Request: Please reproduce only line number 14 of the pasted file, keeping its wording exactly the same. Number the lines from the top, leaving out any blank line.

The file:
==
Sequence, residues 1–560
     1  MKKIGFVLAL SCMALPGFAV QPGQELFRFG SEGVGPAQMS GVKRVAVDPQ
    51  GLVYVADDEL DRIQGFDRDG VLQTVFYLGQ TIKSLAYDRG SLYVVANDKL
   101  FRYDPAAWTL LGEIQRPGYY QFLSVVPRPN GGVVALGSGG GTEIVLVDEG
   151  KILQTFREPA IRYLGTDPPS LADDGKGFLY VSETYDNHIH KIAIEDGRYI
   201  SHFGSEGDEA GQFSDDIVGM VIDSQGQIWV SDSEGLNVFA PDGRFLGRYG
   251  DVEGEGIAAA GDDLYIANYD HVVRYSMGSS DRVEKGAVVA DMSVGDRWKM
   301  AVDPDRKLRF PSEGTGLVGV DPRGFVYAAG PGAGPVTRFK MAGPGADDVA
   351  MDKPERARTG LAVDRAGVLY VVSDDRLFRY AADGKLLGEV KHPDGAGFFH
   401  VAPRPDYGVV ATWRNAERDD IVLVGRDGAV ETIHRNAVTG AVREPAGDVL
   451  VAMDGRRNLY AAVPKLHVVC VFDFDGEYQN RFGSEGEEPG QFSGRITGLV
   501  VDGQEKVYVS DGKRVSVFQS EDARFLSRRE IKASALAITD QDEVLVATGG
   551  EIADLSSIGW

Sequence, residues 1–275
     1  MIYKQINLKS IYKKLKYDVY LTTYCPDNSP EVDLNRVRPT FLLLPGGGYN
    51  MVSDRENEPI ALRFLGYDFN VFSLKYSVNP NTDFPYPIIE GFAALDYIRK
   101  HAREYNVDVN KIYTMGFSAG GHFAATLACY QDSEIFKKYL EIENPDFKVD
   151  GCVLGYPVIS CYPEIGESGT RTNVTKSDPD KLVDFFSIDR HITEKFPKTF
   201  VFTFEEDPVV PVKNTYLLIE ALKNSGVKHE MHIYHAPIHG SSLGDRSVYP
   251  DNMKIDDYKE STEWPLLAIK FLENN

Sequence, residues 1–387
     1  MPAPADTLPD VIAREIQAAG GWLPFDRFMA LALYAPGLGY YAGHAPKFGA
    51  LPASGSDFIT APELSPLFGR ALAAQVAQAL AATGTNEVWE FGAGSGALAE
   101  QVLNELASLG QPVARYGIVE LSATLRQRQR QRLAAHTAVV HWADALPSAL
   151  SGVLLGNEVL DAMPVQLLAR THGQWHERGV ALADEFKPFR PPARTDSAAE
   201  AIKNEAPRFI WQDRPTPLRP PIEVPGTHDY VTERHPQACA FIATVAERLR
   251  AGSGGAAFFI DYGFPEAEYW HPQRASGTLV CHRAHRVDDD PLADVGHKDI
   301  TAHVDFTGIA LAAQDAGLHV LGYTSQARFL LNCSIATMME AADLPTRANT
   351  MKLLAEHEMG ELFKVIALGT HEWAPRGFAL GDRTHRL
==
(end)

Sequence, residues 1–275